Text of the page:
The tower underwent two renovations in 1913-1916 and 1978, replacing limestone blocks and making minor interior and exterior changes. In 2014, the park surrounding the tower was named after former Chicago mayor Jane Byrne. While not universally admired, with Oscar Wilde describing it as a “castellated monstrosity,” the tower’s unique castle-like design has influenced the architecture of some White Castle restaurant buildings.
Recognized as an American Water Landmark in 1969, the Chicago Water Tower has also appeared in the finales of The Amazing Race 6 and The Amazing Race 29 in 2004 and 2017, respectively.
The Union Stock Yard Gate
The Union Stock Yard Gate, located at the entrance of the renowned Union Stock Yards in Chicago, is a significant remnant of the stock yards’ history. Designed by Burnham and Root in 1875, this limestone gate stands as the sole surviving structural element from the stock yards.
It holds the distinction of being a National Historic Landmark since 1981. Situated on a plaza at Exchange Avenue and Peoria Street on the city’s South Side, the gate is characterized by a central main arch flanked by two smaller arches. The main arch boasts a truncated hip roof, lending the structure a total height of 32 feet. The gatehouse that once accompanied the gate has unfortunately been demolished.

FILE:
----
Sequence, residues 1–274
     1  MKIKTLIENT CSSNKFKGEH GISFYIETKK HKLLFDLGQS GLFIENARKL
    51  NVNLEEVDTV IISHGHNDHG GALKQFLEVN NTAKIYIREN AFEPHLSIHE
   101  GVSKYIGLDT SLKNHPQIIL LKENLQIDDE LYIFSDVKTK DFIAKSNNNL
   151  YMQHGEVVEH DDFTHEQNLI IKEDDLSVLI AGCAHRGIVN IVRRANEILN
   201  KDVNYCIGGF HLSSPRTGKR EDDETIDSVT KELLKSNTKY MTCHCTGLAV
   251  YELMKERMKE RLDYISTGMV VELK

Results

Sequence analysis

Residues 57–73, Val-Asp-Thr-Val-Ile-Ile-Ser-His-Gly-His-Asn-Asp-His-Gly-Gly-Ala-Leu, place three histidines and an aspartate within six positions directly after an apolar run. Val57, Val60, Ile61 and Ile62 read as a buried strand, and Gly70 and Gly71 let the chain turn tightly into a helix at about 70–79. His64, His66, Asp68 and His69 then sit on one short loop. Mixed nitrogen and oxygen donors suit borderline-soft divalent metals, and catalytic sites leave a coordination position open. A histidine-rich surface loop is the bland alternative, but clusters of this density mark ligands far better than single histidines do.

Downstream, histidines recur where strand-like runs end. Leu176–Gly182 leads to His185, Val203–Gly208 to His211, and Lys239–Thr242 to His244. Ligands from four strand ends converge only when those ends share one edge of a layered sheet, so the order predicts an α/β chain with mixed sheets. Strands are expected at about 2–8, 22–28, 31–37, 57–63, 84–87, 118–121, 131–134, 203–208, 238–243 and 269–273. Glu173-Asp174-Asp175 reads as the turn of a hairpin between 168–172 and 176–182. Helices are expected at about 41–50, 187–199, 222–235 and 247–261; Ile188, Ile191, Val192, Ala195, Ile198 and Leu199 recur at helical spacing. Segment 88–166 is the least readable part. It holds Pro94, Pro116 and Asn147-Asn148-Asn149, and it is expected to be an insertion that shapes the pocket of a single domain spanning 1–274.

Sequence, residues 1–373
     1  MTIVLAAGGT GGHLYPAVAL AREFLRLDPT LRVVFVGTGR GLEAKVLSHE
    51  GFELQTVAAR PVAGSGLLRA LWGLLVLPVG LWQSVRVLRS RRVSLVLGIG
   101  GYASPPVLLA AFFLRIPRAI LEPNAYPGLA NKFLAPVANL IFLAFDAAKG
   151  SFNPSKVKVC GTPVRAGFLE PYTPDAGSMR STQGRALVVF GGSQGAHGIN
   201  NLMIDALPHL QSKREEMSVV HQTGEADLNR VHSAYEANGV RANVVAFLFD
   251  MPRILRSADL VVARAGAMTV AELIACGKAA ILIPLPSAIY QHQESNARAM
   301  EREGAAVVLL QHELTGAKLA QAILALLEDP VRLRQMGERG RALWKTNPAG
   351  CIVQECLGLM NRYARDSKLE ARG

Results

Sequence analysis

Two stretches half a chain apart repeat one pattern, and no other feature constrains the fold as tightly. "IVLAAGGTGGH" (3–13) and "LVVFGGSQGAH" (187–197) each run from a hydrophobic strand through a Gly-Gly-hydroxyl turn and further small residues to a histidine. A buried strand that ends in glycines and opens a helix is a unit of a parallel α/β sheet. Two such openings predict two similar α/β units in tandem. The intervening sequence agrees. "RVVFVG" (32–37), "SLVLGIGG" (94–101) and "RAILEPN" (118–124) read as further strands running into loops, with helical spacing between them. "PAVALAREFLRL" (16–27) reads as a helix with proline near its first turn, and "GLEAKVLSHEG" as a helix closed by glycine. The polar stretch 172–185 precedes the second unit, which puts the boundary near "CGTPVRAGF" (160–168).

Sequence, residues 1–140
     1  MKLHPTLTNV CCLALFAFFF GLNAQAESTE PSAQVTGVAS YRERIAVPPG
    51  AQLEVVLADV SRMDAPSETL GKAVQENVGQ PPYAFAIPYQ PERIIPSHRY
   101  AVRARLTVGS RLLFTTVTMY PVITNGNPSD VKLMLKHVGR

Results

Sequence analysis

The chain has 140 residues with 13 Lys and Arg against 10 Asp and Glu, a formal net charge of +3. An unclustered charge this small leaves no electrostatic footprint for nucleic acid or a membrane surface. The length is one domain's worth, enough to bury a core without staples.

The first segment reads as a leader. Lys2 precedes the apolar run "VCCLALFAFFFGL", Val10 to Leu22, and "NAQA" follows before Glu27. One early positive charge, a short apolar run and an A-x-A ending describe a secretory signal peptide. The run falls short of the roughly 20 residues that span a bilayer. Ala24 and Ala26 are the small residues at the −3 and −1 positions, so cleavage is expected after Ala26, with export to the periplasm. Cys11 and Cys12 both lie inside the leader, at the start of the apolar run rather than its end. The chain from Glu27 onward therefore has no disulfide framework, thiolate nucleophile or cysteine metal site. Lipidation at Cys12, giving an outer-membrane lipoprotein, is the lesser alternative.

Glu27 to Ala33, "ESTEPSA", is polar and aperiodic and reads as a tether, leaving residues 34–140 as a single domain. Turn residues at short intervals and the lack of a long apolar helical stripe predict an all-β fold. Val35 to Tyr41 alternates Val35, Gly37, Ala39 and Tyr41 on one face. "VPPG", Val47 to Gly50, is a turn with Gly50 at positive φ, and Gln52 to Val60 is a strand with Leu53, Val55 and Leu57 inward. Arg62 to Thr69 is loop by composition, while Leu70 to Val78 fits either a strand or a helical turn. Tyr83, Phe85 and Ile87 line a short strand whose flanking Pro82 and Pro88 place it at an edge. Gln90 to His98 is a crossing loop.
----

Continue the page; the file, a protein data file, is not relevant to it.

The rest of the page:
Established in 1865 as a centralized hub for Chicago’s burgeoning meatpacking industry, the Union Stock Yard played a vital role in the city’s economy. The gate, designed by Daniel Burnham and John W. Root, was constructed in 1879 alongside other structures in the stock yards. Despite a devastating fire in 1934 that razed much of the yards, the gate and its surrounding plaza survived. In the 1970s, the gate underwent restoration, preserving a tangible connection to Chicago’s prominent past in the meatpacking industry.
Recognized as a Chicago Landmark in 1972 and listed on the National Register of Historic Places in the same year, the Union Stock Yard Gate received its designation as a National Historic Landmark in 1981.
Adorning the center arch of the gate is a bust of Sherman, paying homage to John D. Sherman’s prized bull and his role as the stockyard superintendent. Adjacent to the gate, a memorial statue commemorates Chicago firefighters, with the engraved names of those who sacrificed their lives in the line of duty.
As a testament to Chicago’s rich heritage in the meatpacking industry, the Union Stock Yard Gate serves as a poignant reminder of the city’s past achievements and the significance of its industrial legacy.
The Page Brothers Building
The Page Brothers Building in the Loop area of Chicago is known for its cast iron front, the city’s last remaining example. Although this building was built after the Great Chicago Fire, this technique was common before the fire, when many iron facades melted due to the intense heat.